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Is Perry Texas Toast?

Lackluster performance and horrible poll among Jews mar candidacy

Marc Tracy
October 04, 2011
Gov. Rick Perry this weekend in New Hampshire.(Kayana Szymczak/Getty Images)
Gov. Rick Perry this weekend in New Hampshire.(Kayana Szymczak/Getty Images)

Certainly this week’s scandal involving a word I’m not going to write—less because I’m squeamish and more because I actually just don’t want to have to look at it—isn’t going to help matters for Rick Perry. But even if that hadn’t happened, his standing has been steadily slipping in the face of Mitt Romney’s attacks on him and, even more, the perception that, with his debate gaffes and the like, the longtime Texas governor simply isn’t ready for primetime. Late last month, he embarrassingly lost the Florida Republican straw poll to delivery-pizza mogul Herman Cain, despite having been the only one of the mainstream candidates to seriously contest it. (Putney Swope, anyone?) In the latest poll he is tussling with Cain for second place, with Romney in the lead. Presumably we will know more after the next GOP debate, which is in a week, and then yet more after each of the 100 or so GOP debates after that.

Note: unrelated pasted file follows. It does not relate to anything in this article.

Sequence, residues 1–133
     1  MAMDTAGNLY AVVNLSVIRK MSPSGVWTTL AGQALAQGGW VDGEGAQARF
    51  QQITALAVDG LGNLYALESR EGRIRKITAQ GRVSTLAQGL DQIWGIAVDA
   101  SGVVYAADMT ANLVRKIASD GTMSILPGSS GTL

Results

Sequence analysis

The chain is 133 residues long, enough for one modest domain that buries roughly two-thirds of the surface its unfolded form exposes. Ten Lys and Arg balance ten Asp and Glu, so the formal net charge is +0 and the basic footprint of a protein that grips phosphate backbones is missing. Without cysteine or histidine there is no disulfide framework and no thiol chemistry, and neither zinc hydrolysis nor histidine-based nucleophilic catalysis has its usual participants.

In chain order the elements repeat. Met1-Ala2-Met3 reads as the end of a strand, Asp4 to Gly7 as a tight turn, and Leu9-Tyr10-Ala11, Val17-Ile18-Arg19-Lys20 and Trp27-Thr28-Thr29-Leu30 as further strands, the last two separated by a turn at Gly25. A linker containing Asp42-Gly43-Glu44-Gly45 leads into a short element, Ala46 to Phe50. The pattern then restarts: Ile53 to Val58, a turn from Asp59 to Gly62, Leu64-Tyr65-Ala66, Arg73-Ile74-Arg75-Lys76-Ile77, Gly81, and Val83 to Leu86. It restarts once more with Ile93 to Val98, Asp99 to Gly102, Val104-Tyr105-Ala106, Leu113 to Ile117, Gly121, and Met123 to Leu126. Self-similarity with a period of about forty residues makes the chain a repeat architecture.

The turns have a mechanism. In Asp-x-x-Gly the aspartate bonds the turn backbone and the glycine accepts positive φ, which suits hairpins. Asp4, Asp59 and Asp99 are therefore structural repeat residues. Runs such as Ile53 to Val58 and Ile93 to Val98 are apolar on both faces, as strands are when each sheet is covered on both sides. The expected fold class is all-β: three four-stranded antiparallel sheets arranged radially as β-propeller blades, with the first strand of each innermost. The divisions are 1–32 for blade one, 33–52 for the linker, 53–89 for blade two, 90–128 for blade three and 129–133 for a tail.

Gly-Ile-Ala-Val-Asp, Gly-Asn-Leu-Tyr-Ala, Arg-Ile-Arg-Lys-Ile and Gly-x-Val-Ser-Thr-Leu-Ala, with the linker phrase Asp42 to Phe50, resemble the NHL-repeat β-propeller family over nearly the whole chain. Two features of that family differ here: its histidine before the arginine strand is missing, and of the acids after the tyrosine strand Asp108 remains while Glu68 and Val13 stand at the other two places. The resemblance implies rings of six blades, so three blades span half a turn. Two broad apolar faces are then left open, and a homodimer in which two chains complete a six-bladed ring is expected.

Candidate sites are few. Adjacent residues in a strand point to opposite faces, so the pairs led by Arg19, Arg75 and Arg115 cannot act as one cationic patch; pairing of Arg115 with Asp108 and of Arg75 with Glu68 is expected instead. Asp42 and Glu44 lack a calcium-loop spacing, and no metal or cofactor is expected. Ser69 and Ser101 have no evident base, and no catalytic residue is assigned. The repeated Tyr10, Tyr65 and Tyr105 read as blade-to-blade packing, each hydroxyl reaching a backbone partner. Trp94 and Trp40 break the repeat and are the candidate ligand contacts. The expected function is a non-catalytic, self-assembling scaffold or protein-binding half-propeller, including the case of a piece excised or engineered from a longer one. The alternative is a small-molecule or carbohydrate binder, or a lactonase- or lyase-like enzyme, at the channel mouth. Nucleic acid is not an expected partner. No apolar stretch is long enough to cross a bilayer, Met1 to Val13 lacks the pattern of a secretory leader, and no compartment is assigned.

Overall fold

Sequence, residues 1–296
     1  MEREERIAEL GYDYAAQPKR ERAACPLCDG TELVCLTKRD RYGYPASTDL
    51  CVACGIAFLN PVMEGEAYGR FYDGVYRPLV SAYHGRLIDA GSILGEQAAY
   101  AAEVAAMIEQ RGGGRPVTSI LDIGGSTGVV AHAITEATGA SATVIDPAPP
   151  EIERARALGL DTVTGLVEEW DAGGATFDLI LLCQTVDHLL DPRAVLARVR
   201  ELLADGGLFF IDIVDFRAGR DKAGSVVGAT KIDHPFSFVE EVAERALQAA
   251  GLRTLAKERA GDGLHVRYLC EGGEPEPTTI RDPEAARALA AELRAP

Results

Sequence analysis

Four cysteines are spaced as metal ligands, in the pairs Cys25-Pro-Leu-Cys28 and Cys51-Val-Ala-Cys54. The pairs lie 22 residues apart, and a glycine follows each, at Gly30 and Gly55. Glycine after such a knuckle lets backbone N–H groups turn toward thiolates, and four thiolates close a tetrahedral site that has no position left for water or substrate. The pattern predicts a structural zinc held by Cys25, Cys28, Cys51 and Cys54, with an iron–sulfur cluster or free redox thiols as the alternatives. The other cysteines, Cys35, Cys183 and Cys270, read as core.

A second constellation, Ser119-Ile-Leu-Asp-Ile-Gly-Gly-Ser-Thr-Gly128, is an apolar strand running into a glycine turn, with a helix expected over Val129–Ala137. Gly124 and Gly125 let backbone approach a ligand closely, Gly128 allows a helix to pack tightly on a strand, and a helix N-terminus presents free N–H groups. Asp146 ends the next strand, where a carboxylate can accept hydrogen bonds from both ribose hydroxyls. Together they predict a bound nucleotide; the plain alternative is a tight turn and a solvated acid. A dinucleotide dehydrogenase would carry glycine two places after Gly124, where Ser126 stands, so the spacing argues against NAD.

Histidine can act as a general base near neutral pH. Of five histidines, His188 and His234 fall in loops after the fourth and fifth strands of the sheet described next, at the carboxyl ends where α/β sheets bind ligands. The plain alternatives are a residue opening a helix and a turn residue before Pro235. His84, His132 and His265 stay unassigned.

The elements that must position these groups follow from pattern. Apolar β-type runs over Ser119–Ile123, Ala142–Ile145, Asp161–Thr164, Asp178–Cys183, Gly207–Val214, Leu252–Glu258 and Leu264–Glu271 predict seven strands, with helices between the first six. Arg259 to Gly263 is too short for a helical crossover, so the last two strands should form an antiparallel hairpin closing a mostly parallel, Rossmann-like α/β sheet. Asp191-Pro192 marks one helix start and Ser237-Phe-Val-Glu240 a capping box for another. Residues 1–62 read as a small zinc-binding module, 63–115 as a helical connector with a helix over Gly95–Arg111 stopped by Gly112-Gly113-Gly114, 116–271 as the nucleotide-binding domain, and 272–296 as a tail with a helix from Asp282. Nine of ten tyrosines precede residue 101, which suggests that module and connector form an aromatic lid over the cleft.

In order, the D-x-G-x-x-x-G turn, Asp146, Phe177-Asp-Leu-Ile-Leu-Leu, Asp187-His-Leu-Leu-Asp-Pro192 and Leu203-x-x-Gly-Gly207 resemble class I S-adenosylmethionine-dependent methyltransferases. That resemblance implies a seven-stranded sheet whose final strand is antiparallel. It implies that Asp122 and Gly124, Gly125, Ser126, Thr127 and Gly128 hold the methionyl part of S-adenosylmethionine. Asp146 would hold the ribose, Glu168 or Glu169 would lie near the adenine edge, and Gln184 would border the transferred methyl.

Meanwhile, in our little corner of the world, things look even worse for Perry. His image as a champion of Israel and a friend of the Jews, cultivated last month, appears not to be sticking. In a poll of Jewish voters in Florida—the Jewish voters who, in a sense, matter most—President Obama trounced Perry 82-2 percents (not a typo). Mitt Romney, by contrast, at least gets 11 percent of their vote. Wayne Barrett, late of the Village Voice, has a Newsbeast docudump revealing that Rabbi Irwin Katsof, of Monsey, N.Y., purportedly the “singularly important bridge between Perry and Israel’s supporters in the United States,” actually has fairly tenuous, cynical, and merely conditional ties to Perry, and anyway is not somebody Perry will necessarily wish to be associated with in a general election. In Texas, is this the part where they’d say it was time for him to hit the trail?

Marc Tracy is a staff writer at The New Republic, and was previously a staff writer at Tablet. He tweets @marcatracy.